Each Friday, we share the latest job listings from Slaw Jobs, which features employment opportunities from across the country. Find out more about these positions by following the links below, or learn how you can use Slaw Jobs to gain valuable exposure for your job ads, while supporting the great Canadian legal commentary at Slaw.ca.
Current postings on Slaw Jobs (newest first):
- Lawyer Opportunities (Contract Roles) | Toronto, ON
- Manager, Community and Content (Full-time) | Canada-Wide/Location Independent
- Assistant Professor or Associate Professor (Full-time) | Ottawa, ON
(University of Ottawa)
- Assistant Professor/Director of the Samuelson-Glushko Canadian
Last month, BC’s Bill 51, the Environmental Assessment Act (EA Act) received Royal Assent. The new EA Act will replace BC’s 2002 environmental assessment law and will likely come into force in late 2019, after consultation on key regulations.
At a time when the proposed new federal Impact Assessment Act – a relatively modest proposal still making its way through the Senate – is more likely to be in the news, BC’s innovative new environmental assessment law has largely flown under the radar.
Here’s why it is worth celebrating.
Advancing Reconciliation and Sustainability
BC’s new EA Act requires the Environmental . . . [more]
Bill C-86, A second Act to implement certain provisions of the budget tabled in Parliament on February 27, 2018, and other measures received royal assent December 13, 2018. This new law extensively amends the Canada Labour Code, makes changes to the Employment Insurance Act, the Wage Earner Protection Program Act and introduces a federal Pay Equity Act. . . . [more]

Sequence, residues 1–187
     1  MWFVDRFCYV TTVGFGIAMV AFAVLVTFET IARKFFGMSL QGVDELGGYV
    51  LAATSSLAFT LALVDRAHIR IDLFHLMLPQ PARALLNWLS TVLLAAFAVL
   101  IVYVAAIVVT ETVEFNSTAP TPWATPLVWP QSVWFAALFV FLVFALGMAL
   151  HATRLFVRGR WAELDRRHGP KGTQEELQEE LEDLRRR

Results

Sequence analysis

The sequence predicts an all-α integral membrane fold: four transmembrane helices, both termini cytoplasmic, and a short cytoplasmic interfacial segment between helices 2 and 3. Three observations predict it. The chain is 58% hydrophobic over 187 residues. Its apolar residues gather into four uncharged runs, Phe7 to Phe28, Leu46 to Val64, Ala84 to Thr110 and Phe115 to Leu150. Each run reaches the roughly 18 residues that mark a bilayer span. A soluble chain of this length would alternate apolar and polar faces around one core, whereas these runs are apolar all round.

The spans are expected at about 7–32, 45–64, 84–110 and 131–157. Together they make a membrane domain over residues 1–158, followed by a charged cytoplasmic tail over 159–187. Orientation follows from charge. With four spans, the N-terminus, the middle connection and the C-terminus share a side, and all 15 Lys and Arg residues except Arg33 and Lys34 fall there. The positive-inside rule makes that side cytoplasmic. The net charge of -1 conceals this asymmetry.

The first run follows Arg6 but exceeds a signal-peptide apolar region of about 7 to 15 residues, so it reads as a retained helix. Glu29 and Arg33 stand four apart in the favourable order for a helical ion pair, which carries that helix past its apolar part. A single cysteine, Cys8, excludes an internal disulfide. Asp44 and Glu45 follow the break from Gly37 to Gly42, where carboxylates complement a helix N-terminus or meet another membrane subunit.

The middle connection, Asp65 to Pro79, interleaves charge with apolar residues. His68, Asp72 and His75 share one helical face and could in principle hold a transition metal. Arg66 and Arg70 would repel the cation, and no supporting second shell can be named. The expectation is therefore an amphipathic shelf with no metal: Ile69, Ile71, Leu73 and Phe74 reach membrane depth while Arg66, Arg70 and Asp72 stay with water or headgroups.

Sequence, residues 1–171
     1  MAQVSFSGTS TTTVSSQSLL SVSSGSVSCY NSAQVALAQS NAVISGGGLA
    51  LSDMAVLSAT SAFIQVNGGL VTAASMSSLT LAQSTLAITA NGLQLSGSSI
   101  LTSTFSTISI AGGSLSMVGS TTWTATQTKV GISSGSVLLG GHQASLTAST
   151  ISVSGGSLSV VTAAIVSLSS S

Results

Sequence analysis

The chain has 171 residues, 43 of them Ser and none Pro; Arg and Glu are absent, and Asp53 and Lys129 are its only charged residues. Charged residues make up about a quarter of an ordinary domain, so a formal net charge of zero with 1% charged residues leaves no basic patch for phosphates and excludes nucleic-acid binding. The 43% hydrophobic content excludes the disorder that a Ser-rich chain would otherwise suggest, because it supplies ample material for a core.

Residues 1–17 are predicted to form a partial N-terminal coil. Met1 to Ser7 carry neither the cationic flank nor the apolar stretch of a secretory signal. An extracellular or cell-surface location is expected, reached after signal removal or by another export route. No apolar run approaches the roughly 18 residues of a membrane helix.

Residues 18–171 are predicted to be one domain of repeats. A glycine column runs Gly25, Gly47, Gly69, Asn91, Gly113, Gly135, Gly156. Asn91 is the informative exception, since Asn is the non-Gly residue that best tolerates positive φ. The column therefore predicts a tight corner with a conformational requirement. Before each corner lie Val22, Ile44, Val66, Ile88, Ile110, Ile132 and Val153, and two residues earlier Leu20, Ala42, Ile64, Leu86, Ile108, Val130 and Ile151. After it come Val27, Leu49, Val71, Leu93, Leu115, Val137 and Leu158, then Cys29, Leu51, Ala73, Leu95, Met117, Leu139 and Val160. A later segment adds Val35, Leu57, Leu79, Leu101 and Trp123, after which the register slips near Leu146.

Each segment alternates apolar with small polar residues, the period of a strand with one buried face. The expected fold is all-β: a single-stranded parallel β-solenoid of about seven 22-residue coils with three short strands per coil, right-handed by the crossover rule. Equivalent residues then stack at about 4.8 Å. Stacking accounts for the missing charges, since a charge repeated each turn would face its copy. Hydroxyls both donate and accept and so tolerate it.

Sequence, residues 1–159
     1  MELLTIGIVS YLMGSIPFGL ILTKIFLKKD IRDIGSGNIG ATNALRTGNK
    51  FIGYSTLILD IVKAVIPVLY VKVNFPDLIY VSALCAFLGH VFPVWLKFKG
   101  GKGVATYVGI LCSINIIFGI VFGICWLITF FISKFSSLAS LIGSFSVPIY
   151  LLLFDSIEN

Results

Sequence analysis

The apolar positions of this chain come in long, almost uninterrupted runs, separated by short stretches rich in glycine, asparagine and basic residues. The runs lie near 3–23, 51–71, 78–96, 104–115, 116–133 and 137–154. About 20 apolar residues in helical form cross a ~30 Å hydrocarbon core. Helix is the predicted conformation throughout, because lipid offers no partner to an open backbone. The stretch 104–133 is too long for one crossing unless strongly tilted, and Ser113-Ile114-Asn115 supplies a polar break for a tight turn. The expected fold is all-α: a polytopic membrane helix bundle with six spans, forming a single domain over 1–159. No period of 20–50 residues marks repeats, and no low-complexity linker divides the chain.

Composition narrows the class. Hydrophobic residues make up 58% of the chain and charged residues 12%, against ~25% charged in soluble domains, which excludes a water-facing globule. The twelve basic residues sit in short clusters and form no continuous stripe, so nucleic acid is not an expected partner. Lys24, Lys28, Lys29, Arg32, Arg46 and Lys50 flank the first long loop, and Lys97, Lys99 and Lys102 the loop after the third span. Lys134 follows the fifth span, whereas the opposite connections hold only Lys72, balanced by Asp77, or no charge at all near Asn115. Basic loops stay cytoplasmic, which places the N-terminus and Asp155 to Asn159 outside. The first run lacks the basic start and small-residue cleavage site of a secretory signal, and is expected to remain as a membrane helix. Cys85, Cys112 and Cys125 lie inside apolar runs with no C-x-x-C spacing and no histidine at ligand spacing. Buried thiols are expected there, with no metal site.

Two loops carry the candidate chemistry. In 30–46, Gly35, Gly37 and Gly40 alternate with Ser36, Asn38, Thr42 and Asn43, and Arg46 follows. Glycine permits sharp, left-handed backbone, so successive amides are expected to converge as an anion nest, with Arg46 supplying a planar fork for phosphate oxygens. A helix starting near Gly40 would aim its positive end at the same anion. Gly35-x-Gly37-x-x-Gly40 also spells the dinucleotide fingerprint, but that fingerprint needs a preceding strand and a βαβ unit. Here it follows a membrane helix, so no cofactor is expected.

In 2009, Dr. Atul Gawande published The Checklist Manifesto, to general acclaim. Even Malcolm Gladwell and The New York Times loved it. And it sent many legal knowledge managers into paroxysms of delight. The book helped many of us move from the drudgery of drafting templates and precedents to simplifying processes and managing matters by checklists. This dovetailed nicely with a then-emerging focus on legal project management and process improvement.
Once again, Dr. Atul Gawande is a step ahead of most of us in the legal technology community, by writing about doctors’ pure, burning hatred of the software . . . [more]
Periodically on Thursdays, we present a significant excerpt, usually from a recently published book or journal article. In every case the proper permissions have been obtained. If you are a publisher who would like to participate in this feature, please let us know via the site’s contact form.
L. Jane McMillan is the former Canada Research Chair for Indigenous Peoples and Sustainable Communities and chair of the Department of Anthropology at St. Francis Xavier University in Antigonish, Nova Scotia. A former eel fisher and one of the original . . . [more]
Each Wednesday we tell you which three English-language cases and which French-language case have been the most viewed* on CanLII and we give you a small sense of what the cases are about.
For this last week:
1. Bazos v. Bell Media Inc., 2018 ONSC 7462
 The Applicant submits that she is a public interest litigant and that she should be subject to the discretionary rule that is sometimes applied in public interest litigation that no costs, or reduced costs, are ordered. The Applicant submits that costs should not be awarded against her. Alternatively, the Applicant submits that . . . [more]